Chronic hepatitis that does not focus on biliary structures is more common in dogs than cats. Although there is an identifiable etiology for some categories of chronic hepatitis, in most cases the cause remains unidentified. Increased hepatocellular copper and Kupffer cell iron stores are common in dogs with chronic hepatitis. The degree of metal accumulation and its acinar location help determine its relevance to tissue injury.
Other associated conditions include infectious canine hepatitis, chronic hepatitis secondary to infectious processes, and chronic exposure limiting factors and lesson plans xenobiotics including certain drugs, oral zinc and canine skin allergies, biologic toxins, and chemicals.
Terminology that reflects specific etiology or breed predilection, such as drug-associated chronic hepatitis, infectious chronic hepatitis, copper-associated hepatitis, etc, is preferred. The fibromas and topamax idiopathic chronic hepatitis indicates that an etiology has not been determined.
Histopathologic changes are generally similar in all cases of chronic hepatitis, regardless of the underlying cause, and include a lymphocytic-plasmacytic inflammation with infiltrates extending into hepatic parenchyma, variable single cell or piecemeal necrosis, and in advanced disease, development of bridging fibrosis and nodular regeneration.
The acinar zone of involvement varies with the underlying cause. Copper-associated hepatopathy is a leading cause of chronic hepatitis in dogs, increasing in prevalence since when copper supplements in commercial dog foods were modified to a more bioavailable form. Retrospective evaluation of liver biopsies from Labrador Retrievers and Doberman Pinschers from to indicated that dogs of these breeds, with and without chronic hepatitis, had significantly higher hepatic copper concentrations in the last 10 yr of the study.
Management of body copper homeostasis relies on numerous copper transporters, chaperones, oral zinc and canine skin allergies, and binding proteins, as well as biliary canalicular egress. Copper-associated hepatopathy is best characterized in Bedlington Terriers, which have a mutation deletion of exon 2 of the COMMD1 copper transporter protein.
Careful breeding programs guided by liver biopsy and genetic testing PCR gene mutation test have remarkably reduced disease frequency in Bedlington Terriers. However, some Bedlington Terriers with biopsy-confirmed copper-associated hepatopathy lack this specific gene mutation. Failure to excrete copper into bile leads to chronic hepatitis and, eventually, cirrhosis and liver failure. Affected dogs develop high liver copper concentrations by 1 yr of age normal: Liver injury is reflected by increased ALT activity and has been shown in dogs with hepatic copper as low as ppm.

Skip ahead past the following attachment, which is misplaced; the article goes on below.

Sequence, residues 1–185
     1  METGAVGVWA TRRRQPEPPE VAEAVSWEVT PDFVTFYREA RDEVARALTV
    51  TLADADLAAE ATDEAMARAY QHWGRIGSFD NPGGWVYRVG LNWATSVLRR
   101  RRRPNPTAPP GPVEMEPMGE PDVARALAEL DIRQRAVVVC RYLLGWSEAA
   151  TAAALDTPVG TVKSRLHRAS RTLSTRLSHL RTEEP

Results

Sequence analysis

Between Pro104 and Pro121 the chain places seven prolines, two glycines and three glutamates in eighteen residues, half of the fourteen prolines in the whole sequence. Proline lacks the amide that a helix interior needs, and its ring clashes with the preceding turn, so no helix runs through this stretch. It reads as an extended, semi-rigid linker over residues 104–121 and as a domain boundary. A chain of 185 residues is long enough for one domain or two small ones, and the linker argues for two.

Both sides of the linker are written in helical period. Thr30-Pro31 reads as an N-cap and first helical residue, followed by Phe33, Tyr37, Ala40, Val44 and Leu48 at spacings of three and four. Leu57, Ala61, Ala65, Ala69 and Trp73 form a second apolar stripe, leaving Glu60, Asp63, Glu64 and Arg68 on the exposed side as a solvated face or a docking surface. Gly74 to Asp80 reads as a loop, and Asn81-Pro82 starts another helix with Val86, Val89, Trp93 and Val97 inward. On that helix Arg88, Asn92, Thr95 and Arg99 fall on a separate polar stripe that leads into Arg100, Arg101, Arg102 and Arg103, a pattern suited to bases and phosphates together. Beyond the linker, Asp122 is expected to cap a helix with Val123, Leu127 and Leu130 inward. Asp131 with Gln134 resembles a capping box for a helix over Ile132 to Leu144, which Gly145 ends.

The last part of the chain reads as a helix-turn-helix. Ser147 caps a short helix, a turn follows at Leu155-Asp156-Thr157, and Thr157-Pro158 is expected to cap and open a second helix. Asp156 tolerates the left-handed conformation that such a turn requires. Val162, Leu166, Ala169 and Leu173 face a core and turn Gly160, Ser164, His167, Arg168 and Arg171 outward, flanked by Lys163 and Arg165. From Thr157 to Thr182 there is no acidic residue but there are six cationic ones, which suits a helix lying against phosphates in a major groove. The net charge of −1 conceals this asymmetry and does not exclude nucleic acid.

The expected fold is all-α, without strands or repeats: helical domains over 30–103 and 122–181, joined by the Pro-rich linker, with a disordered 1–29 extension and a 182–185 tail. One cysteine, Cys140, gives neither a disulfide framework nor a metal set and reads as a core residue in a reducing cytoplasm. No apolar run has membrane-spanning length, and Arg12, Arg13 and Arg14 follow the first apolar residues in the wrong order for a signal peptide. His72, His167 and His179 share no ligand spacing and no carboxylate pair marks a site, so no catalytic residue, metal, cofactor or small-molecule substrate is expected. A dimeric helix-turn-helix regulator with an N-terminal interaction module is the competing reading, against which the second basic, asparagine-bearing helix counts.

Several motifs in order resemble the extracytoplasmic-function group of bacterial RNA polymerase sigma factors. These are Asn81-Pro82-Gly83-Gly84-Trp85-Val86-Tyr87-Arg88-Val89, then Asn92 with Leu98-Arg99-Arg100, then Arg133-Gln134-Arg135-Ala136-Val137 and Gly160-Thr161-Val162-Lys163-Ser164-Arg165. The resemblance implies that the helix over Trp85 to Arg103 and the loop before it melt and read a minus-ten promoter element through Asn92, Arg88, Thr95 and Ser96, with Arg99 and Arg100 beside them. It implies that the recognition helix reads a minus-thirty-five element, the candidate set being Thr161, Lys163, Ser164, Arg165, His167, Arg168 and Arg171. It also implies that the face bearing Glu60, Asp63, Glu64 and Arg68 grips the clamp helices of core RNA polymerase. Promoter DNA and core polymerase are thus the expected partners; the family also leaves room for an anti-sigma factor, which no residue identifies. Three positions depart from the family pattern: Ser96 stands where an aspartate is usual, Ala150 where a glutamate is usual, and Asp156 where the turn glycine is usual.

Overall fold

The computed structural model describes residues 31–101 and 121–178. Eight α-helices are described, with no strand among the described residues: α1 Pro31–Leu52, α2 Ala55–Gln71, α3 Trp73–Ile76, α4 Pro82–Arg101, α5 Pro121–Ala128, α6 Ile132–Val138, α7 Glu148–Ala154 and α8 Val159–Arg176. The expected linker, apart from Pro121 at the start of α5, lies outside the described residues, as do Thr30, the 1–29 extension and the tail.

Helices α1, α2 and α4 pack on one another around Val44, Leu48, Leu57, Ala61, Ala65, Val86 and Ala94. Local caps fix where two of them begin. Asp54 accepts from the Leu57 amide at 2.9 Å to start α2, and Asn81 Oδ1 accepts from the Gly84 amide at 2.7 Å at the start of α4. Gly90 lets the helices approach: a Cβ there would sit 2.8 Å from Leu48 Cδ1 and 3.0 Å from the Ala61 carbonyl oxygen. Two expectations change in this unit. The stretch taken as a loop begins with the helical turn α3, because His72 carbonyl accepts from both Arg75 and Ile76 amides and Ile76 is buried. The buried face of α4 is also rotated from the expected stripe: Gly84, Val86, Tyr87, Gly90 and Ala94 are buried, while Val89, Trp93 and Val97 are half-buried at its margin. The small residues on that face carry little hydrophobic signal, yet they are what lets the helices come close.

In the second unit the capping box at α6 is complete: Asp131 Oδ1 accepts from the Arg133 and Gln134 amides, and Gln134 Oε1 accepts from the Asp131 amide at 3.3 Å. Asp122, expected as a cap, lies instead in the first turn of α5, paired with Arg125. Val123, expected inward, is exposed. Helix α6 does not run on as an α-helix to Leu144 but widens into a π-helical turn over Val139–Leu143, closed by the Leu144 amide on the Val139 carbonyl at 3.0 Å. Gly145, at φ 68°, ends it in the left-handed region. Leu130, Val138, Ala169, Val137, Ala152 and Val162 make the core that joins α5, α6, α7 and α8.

Oral zinc and canine skin allergies disease phases were historically characterized in Bedlington Terriers. Acute hepatic necrosis occurred in dogs Genetic testing is recommended for selection of Bedlington Terrier breeding stock. However, definitive diagnosis of copper-associated hepatopathy requires liver biopsy in adult dogs with qualitative copper stains reconciled with quantitative copper measurements. Many other purebred and mixed-breed dogs of all ages also may develop copper-associated hepatopathy.
More commonly and perhaps oral zinc and canine skin allergies severely affected are Labrador Retrievers; whether the high breed popularity influences this observation remains unclear. Doberman Pinschers, West Highland White Terriers, oral zinc and canine skin allergies, and some dogs related to Dalmatians also may develop profoundly increased hepatic copper concentrations accompanied by severe liver injury.
A genetic cause has not been identified in any of these breeds. It is important to emphasize that copper-associated hepatopathy can be the primary cause of hepatitis in any dog purebred or mixed breed and can be definitively diagnosed only by liver biopsy.
There is no recognized gender predisposition. Histologic features of copper-associated hepatopathy include a focus on the centrilobular region zone 3finding eosinophilic granules within the french and indian war fort plans compartment of hepatocytes and within macrophages in areas of single cell necrosis. Small granulomas develop subsequent to hepatocyte necrosis and release of copper granules into the surrounding parenchyma.
Zone 3 lesional—associated parenchymal collapse is verified with reticulin staining centrilobular collapse and fibrillar collagen deposition with Masson oral zinc and canine skin allergies staining centrilobular connective tissue deposition. With advanced injury, regenerative nodules and regions of parenchymal extinction are seen.
The prominent role of copper in driving tissue injury is verified by finding copper granules rhodanine staining in nearly every hepatocyte within regenerative nodules.